Entropy2015, 17(10), 6854-6871; doi:10.3390/e17106854 (registering DOI) - published 10 October 2015 Show/Hide Abstract
Abstract: The suboesophageal ganglion (SOG), which connects to both central and peripheral nerves, is the primary taste-processing center in the Drosophila’s brain. The neural oscillation in this center may be of great research value yet it is rarely reported. This work aims to determine the amount of unique information contained within oscillations of the SOG and describe the variability of these patterns. The approximate entropy (ApEn) values of the spontaneous membrane potential (sMP) of SOG neurons were calculated in this paper. The arithmetic mean (MA), standard deviation (SDA) and the coefficient of variation (CVA) of ApEn were proposed as the three statistical indicators to describe the irregularity and complexity of oscillations. The hierarchical clustering method was used to classify them. As a result, the oscillations in SOG were divided into five categories, including: (1) Continuous spike pattern; (2) Mixed oscillation pattern; (3) Spikelet pattern; (4) Busting pattern and (5) Sparse spike pattern. Steady oscillation state has a low level of irregularity, and vice versa. The dopamine stimulation can distinctly cut down the complexity of the mixed oscillation pattern. The current study provides a quantitative method and some critera on mining the information carried in neural oscillations.
Entropy2015, 17(10), 6834-6853; doi:10.3390/e17106834 (registering DOI) - published 9 October 2015 Show/Hide Abstract
Abstract: The ability to inhibit impulses and withdraw certain responses are essential for human’s survival in a fast-changing environment. These processes happen fast, in a complex manner, and require our brain to make a fast adaptation to inhibit the impulsive response. The present study employs multiscale entropy (MSE) to analyzing electroencephalography (EEG) signals acquired alongside a behavioral stop-signal task to theoretically quantify the complexity (indicating adaptability and efficiency) of neural systems to investigate the dynamical change of complexity in the brain during the processes of inhibitory control. We found that the complexity of EEG signals was higher for successful than unsuccessful inhibition in the stage of peri-stimulus, but not in the pre-stimulus time window. In addition, we found that the dynamical change in the brain from pre-stimulus to peri-stimulus stage for inhibitory control is a process of decreasing complexity. We demonstrated both by sensor-level and source-level MSE that the processes of losing complexity is temporally slower and spatially restricted for successful inhibition, and is temporally quicker and spatially extensive for unsuccessful inhibition.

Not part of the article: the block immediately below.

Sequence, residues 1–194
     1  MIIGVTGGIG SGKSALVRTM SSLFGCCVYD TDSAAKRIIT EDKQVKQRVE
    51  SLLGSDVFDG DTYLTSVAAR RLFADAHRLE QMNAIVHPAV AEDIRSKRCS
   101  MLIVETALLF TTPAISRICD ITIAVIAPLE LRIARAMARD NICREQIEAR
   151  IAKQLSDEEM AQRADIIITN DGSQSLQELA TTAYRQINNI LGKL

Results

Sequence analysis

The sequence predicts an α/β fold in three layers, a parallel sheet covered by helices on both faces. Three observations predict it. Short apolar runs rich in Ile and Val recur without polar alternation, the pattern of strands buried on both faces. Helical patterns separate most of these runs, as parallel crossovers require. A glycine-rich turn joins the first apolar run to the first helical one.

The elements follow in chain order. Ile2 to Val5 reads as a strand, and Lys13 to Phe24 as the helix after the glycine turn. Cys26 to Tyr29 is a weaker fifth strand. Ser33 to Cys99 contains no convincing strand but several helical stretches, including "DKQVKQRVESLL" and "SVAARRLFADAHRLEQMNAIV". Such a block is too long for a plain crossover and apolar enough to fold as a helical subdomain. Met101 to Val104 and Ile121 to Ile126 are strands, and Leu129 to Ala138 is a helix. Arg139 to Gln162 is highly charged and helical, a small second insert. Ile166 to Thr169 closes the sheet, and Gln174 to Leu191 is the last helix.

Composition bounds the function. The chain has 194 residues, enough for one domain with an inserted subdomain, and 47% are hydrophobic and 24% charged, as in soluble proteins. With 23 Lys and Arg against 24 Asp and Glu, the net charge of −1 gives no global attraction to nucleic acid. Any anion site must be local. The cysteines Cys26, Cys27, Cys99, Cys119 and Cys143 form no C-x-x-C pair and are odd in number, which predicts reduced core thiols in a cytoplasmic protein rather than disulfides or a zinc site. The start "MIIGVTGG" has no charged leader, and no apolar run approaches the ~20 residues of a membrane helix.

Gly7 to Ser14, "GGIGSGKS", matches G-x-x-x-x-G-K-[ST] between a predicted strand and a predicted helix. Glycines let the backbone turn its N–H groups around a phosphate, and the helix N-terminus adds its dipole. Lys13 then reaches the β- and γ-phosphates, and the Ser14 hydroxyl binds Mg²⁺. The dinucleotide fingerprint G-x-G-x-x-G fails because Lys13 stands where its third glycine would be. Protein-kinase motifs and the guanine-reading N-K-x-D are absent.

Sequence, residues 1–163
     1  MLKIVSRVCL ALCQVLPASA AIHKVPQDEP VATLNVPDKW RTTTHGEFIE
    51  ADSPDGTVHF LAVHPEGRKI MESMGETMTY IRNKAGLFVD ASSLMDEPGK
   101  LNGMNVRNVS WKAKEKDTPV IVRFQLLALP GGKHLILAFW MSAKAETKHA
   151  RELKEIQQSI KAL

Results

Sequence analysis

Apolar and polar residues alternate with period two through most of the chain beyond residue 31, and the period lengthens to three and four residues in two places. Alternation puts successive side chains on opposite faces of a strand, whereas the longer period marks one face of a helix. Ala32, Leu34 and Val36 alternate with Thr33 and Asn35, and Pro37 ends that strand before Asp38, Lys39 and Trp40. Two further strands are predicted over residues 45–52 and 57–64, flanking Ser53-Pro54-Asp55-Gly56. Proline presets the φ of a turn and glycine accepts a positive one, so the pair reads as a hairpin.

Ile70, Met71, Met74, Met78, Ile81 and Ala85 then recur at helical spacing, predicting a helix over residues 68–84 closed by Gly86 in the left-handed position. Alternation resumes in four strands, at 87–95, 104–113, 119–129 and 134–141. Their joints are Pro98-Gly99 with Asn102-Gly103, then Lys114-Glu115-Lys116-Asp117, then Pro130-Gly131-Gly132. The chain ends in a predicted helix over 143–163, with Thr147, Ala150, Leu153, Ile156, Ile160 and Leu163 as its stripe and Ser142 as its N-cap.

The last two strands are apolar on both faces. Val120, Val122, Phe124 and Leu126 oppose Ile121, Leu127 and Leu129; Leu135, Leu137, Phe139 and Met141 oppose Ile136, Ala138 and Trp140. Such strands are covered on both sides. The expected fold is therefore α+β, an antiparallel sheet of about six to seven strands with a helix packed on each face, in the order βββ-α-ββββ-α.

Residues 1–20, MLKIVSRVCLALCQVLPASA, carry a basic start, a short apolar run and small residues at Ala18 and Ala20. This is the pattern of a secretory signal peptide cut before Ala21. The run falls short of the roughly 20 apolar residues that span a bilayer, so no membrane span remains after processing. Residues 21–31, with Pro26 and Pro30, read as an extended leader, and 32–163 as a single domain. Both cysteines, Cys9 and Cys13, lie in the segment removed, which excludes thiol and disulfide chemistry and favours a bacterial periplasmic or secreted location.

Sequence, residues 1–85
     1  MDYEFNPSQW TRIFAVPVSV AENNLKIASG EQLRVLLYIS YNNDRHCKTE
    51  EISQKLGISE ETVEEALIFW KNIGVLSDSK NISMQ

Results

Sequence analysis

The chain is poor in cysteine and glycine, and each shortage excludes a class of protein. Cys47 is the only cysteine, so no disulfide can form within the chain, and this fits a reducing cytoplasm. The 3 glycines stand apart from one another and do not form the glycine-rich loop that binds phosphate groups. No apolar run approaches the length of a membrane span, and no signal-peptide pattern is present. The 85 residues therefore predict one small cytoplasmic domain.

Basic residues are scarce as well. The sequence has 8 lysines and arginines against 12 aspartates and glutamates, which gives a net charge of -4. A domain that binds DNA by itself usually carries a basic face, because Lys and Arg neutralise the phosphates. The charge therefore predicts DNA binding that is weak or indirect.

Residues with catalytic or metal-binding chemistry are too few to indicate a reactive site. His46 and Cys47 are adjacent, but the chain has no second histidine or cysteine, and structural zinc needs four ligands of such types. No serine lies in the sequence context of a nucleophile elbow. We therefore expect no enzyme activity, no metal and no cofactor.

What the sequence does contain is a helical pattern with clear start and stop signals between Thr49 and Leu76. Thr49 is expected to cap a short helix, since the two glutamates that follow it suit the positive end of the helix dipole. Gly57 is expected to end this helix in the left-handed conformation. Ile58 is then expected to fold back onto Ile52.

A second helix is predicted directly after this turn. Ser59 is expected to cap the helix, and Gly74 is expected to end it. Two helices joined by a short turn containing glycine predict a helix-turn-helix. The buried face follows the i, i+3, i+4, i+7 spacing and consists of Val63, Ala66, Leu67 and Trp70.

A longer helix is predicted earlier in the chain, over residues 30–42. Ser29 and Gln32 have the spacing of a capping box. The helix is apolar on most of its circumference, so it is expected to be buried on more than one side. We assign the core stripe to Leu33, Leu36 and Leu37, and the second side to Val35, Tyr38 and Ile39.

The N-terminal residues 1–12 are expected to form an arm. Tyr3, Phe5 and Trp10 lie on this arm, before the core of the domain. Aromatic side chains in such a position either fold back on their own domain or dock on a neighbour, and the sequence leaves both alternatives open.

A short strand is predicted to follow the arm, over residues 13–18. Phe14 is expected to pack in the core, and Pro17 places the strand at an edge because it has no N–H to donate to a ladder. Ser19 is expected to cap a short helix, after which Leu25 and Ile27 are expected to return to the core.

Entropy2015, 17(10), 6801-6833; doi:10.3390/e17106801 - published 8 October 2015 Show/Hide Abstract
Abstract: Biological networks are open systems that can utilize nutrients and energy from their environment for use in their metabolic processes, and produce metabolic products. System entropy is defined as the difference between input and output signal entropy, i.e., the net signal entropy of the biological system. System entropy is an important indicator for living or non-living biological systems, as biological systems can maintain or decrease their system entropy. In this study, system entropy is determined for the first time for stochastic biological networks, and a computation method is proposed to measure the system entropy of nonlinear stochastic biological networks that are subject to intrinsic random fluctuations and environmental disturbances. We find that intrinsic random fluctuations could increase the system entropy, and that the system entropy is inversely proportional to the robustness and stability of the biological networks. It is also determined that adding feedback loops to shift all eigenvalues to the farther left-hand plane of the complex s-domain could decrease the system entropy of a biological network.